Hallux rigidus (HR) refers to stiffness (rigidus) of the joint at the base of the great toe (hallux). This joint is called the great toe metatarsophalangeal joint (MTPJ). The usual cause of HR is arthritis or wear and tear of the smooth cartilage that lines the joint. HR may be caused by a previous injury or it may be part of a general medical condition e.g. gout. Often the cause is unknown; it just develops, particularly as people get older. It is probably of little surprise that this joint is prone to arthritis as forces up to 2x body weight pass through it during walking.



HR presents with stiffness and pain in the great toe MTPJ. If the symptoms are severe, it may limit walking distance, and compromise work and recreational activities. Bone spurs (osteophytes) develop around the great toe MTPJ and can cause pain by rubbing against tight fitting shoes. To off-load the painful great toe, some people will preferentially walk on the outer border of the foot, causing transfer pain to the lesser toes.


The main aims are to relieve pain and decrease loading and movement through the great toe MTPJ. In it’s mildest form, HR may not need operative treatment with simple lifestyle and activity modifications such as weight loss, helpful. The following can also assist:

Walking Aid

A walking aid can help increase mobility when difficulty moving is experienced.


Painkillers and anti-inflammatory medication such as tablets and creams can be prescribed by your doctor to assist in reducing pain.

Footwear and Orthotics

Wearing appropriate footwear and orthotics (stiff insoles or shoes with a rocker-bottom sole) can be helpful. High heels and shoes with a narrow toe box should be avoided.

Cortisone Injection

A cortisone injection may offer relief of inflammation, but as with most treatments, the degree and extent of relief varies from patient to patient. The effect is usually only temporary as well.


Surgery is considered when the previous measures fail. There are 2 main surgical options to relieve pain and improve quality of life. These include joint cheilectomy (“clean-up”), and arthrodesis or fusion of the MTPJ. The best option for an individual patient depends on many factors including the severity of arthritis, the age and functional demands of the patient, and the presence of arthritis in adjacent joints. The final choice is a joint decision between patient and surgeon.

MTPJ cheilectomy (Clean up)

If the HR is mild to moderate, affecting only the upper part of the joint, this upper portion may be trimmed and the joint washed out. This can provide long lasting pain relief with improved movement of the great toe in the appropriate patient. In 10-20% of patients, the arthritis is progressive and symptoms may return to a point where further procedures may be required. This procedure can generally be undertaken arthroscopically (keyhole) which allows a rapid recovery. Occasionally with large loose pieces of bone in the joint or excessively large bone spurs, an open procedure is required.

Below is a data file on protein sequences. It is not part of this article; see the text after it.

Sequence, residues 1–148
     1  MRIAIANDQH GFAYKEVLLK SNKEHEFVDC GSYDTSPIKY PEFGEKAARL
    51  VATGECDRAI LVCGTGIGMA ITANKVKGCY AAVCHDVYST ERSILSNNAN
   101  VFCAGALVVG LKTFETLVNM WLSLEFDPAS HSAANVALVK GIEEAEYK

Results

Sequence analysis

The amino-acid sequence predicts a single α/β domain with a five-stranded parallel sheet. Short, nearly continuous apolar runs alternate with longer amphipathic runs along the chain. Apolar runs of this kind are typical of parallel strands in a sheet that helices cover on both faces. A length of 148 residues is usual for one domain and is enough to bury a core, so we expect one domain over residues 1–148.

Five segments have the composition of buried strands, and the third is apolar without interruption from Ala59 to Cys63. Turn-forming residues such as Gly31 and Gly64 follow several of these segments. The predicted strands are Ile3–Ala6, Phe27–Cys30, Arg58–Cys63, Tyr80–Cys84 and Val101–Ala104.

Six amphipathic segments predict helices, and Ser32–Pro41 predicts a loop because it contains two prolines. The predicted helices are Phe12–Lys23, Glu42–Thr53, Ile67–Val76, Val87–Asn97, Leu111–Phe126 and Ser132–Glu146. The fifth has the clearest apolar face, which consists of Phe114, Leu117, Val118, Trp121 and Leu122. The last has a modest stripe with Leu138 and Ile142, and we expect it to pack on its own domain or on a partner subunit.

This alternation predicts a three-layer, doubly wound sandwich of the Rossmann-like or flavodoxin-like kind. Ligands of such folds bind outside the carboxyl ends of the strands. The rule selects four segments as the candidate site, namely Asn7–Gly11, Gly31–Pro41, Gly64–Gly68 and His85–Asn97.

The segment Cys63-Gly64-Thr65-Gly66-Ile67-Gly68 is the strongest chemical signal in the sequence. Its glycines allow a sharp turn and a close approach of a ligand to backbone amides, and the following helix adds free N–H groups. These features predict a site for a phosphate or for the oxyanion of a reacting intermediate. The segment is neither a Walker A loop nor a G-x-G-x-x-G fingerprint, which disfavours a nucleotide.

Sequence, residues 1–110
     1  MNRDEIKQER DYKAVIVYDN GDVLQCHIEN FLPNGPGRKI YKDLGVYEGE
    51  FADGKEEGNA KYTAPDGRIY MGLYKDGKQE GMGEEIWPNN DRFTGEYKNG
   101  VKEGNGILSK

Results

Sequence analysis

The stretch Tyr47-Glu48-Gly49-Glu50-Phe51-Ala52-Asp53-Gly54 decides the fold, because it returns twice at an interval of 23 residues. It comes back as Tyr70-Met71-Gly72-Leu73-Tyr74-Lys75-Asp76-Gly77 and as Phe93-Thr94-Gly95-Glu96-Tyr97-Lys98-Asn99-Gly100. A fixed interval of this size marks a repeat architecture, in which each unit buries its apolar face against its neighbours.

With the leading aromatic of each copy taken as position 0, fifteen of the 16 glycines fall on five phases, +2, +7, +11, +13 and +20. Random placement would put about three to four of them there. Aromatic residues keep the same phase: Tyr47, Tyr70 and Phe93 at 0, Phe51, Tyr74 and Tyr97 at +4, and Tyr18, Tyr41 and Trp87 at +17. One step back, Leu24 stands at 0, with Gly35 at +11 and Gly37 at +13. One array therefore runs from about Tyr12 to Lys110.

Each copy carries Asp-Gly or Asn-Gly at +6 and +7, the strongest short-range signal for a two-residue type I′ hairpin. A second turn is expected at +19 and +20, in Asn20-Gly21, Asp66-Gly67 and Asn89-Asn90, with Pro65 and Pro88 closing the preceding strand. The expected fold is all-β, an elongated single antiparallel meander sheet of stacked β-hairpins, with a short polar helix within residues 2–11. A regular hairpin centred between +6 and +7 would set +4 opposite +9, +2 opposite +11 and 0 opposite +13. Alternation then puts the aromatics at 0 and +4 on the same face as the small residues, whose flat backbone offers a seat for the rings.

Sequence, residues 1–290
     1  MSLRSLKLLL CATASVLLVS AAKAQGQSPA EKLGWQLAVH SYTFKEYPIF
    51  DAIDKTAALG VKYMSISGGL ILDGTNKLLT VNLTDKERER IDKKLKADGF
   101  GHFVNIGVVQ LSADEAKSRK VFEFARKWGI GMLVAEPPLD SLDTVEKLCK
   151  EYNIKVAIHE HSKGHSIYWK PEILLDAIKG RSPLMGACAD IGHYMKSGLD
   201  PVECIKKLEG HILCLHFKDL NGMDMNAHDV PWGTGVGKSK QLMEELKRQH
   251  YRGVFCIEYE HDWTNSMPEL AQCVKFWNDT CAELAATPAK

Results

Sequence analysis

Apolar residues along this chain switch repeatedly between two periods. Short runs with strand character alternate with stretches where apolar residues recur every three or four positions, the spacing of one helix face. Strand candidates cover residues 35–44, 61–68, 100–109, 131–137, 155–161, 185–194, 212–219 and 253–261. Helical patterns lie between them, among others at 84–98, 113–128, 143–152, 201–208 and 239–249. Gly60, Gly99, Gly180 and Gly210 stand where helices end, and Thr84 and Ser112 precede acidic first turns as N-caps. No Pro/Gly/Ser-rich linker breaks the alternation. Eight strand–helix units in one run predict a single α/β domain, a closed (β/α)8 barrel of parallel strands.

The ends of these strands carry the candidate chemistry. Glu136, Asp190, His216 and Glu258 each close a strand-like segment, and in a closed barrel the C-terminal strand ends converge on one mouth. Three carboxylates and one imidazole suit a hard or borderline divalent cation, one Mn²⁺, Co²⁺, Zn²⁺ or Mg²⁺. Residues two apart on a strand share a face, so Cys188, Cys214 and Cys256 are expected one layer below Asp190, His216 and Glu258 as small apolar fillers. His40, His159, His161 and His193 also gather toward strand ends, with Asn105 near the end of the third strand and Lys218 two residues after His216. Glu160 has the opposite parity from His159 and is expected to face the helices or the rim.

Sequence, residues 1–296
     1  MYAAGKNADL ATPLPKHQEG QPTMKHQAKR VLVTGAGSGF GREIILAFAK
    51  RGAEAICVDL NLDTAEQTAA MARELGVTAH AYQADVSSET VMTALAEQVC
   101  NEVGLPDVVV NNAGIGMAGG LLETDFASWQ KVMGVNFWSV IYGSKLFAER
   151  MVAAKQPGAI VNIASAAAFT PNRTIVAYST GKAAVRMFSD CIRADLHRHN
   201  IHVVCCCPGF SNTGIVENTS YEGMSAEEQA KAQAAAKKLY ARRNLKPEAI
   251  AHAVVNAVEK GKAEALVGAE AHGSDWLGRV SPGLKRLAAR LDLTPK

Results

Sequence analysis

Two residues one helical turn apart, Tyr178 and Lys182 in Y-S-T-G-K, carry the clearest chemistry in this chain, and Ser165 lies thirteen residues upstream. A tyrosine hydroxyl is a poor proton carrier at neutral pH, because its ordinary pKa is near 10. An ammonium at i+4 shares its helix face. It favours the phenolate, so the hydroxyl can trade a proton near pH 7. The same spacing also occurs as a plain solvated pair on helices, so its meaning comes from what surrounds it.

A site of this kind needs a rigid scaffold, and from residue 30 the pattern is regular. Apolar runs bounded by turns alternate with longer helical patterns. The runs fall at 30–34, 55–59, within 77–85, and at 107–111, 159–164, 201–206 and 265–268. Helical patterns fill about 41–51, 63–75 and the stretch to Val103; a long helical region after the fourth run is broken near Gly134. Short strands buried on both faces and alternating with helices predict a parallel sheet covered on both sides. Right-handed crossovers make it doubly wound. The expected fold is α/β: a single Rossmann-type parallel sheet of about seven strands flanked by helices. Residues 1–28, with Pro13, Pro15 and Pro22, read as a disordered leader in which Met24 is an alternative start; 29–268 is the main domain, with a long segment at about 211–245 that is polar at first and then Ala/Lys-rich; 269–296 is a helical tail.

MTPJ arthrodesis (Fusion)

This is the ‘gold standard’ procedure for moderate to severe arthritis. The remaining cartilage in the joint is removed, the bones on either side of the joint are fused together and held with screws and a plate. Following recovery, people generally walk normally without a limp. While high-heeled shoes cannot be worn, up to a one inch heeled shoe can be worn if desired. Most social sports can also be undertaken. 95% of patients will experience good pain relief with this procedure. There is a small risk of developing arthritis in the next joint along the big toe but this is rarely troublesome.


Less than 5-10% will develop a complication that may require further intervention. These include wound-healing problems, infection, damage to nerves and blood vessels, incomplete relief of symptoms, and in the case of arthrodesis, failure of the bones to knit together requiring further surgery.


Hospital stayDay surgery
Rest and elevation5-7 days
Crutches/frame2-3 days
Time off work 
– Seated
– Standing
2-3 days
2-3 weeks
Foot swelling4-6 weeks
Sport4-6 weeks


Hospital stayDay surgery
Rest and elevation10 days
Crutches/frameUp to 7 days
Time off work 
– Seated
– Standing
2-3 weeks
6-8 weeks
Foot swelling12 weeks
– Hospital
– Wide
– Normal
6 weeks
6-12 weeks
12 weeks
Result times (Pain relief and function)
– Good
– Better
– Best
2-3 months
3-6 months
6-12 months


This fact sheet is a brief overview of hallux rigidus (big toe arthritis) produced by our Foot and Ankle Surgeon Dr James Clayton. To make an appointment or enquiry with Dr Clayton or a member of our foot and ankle team, contact 08 8362 7788 or email ortho@sportsmed.com.au.

Foot and Ankle Team